We regard as prisoners of war those Afrikans who have been imprisoned as a result of their having taken up arms or otherwise engaged in acts of organized revolutionary violence in its military form, against the U.S. imperialist state: the act of expropriation, acts of sabotage, intelligence and counter intelligence activities, and support activities when directly linked to acts of military organized violence and/or groups which are part of the “armed front.” Also, those activities of an overt or covert nature which are linked to the action of armed people’s defense units – those New Afrikans involved in such activities and imprisoned because of this are considered as prisoners of war.

We also regard as prisoners of war those captured colonials and political prisoners who consciously commit acts of military organized revolutionary violence while behind the walls, as well as those who join or form organizations which are or will become part of the organized “armed front” and/or part of the armed people’s defense units or “mass front.”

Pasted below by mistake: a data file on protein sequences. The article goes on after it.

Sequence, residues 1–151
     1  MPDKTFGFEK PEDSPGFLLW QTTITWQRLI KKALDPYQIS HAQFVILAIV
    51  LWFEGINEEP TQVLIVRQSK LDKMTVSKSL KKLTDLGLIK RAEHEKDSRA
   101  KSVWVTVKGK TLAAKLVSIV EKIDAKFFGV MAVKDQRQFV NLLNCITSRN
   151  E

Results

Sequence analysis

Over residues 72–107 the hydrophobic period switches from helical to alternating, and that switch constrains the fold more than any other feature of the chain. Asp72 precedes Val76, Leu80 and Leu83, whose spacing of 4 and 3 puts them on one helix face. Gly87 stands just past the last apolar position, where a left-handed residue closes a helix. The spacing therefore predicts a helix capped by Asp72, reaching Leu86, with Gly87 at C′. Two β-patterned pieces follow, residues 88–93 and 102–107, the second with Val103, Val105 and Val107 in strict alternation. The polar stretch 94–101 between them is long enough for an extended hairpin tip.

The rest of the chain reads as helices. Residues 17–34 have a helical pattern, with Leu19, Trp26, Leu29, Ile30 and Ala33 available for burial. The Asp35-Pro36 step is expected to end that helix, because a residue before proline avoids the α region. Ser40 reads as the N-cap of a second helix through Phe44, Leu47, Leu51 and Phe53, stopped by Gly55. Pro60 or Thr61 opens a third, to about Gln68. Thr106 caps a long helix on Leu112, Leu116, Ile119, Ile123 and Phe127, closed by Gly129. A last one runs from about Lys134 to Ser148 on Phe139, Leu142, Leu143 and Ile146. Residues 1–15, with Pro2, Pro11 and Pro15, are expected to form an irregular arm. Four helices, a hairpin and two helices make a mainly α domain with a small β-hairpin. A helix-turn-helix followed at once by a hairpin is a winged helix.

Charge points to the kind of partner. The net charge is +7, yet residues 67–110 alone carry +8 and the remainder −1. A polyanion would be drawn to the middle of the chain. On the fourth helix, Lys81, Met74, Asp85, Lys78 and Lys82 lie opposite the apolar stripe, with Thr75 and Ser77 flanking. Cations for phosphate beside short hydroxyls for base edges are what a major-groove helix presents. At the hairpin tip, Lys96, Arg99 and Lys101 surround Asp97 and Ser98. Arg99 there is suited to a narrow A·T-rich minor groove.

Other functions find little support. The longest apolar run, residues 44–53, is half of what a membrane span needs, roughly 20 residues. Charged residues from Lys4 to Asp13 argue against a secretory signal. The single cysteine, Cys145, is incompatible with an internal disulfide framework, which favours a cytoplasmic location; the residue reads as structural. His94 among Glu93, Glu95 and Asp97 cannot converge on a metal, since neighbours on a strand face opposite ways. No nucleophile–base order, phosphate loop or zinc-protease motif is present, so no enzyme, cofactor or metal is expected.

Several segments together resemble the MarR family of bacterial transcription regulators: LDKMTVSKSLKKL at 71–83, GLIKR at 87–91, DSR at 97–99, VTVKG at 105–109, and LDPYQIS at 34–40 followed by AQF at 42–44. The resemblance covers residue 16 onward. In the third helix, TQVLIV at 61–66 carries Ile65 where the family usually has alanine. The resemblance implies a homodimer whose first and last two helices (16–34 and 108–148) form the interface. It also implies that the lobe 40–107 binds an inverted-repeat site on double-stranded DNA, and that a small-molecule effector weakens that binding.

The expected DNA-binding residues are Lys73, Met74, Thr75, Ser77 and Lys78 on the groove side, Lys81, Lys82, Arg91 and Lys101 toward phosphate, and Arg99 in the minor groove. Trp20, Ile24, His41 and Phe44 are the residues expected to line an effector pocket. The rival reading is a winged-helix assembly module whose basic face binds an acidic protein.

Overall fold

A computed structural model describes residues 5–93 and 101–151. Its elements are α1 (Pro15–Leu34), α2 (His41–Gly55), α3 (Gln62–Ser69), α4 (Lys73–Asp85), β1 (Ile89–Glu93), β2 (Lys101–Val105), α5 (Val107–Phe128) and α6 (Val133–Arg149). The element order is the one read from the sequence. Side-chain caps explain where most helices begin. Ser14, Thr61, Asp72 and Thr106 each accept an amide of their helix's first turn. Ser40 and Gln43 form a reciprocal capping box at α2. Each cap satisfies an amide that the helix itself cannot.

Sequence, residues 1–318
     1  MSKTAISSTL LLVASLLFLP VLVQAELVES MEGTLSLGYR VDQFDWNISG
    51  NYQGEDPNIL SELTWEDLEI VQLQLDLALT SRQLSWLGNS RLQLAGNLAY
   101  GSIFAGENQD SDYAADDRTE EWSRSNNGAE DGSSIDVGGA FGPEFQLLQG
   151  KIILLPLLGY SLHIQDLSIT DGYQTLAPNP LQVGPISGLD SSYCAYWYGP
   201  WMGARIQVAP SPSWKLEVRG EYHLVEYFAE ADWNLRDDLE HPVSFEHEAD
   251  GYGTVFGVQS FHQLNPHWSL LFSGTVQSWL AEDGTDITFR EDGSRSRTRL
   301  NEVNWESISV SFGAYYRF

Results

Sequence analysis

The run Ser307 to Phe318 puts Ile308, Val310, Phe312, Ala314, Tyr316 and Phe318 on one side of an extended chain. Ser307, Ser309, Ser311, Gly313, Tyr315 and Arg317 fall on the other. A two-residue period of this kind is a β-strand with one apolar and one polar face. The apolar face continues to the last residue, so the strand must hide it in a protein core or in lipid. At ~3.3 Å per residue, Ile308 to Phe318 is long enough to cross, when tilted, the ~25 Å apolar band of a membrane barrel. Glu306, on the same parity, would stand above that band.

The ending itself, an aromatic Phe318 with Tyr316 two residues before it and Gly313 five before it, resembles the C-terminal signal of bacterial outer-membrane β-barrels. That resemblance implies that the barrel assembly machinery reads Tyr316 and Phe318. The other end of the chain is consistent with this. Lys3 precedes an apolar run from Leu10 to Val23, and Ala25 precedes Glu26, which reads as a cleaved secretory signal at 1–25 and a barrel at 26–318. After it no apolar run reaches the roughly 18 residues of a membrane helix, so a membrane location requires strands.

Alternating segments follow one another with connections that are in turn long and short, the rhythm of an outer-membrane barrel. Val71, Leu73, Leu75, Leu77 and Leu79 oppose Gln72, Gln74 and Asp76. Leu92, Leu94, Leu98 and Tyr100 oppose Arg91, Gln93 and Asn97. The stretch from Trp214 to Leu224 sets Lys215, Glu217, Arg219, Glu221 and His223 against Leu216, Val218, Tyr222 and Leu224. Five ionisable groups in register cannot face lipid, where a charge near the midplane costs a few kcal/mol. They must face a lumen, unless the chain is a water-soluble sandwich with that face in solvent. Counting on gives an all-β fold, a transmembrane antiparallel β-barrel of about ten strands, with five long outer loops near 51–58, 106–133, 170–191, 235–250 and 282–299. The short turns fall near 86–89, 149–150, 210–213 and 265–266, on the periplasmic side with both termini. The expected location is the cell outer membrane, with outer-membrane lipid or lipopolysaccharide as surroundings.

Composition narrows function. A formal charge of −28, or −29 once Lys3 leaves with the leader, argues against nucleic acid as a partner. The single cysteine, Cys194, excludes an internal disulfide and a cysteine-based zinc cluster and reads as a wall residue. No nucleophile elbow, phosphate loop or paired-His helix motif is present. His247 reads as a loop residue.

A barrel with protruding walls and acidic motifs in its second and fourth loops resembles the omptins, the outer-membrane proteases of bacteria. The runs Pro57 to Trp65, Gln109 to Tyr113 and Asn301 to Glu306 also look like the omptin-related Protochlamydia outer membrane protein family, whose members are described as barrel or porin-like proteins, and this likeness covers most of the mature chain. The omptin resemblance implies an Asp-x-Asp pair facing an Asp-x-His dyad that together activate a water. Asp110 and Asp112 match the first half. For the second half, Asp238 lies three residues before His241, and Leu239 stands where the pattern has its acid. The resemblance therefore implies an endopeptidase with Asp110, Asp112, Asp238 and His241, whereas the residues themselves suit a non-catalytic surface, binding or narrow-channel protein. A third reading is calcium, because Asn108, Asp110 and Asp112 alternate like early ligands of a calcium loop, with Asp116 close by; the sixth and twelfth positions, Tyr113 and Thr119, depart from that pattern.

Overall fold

We use those words from the late comrade to illustrate to the people and the comrades in the outside movement that there is no separate struggle between the prison movement and the overall international struggle and movement against capitalism, U.S. imperialism and national liberation.

When Yaki says that “the only way to prevent crime among us is to make a conscious decision to liberate the nation and establish among ourselves a more equitable distribution of wealth and privilege,” this is the overall objective of all New Afrikan “Black” revolutionary nationalists inside the liberation movement, as well as poor “white” Euro-Americans who are already fighting to destroy capitalism and “racism” and establish a socialist-communist society where the working class people and independent nations control the means of production and distribution of goods.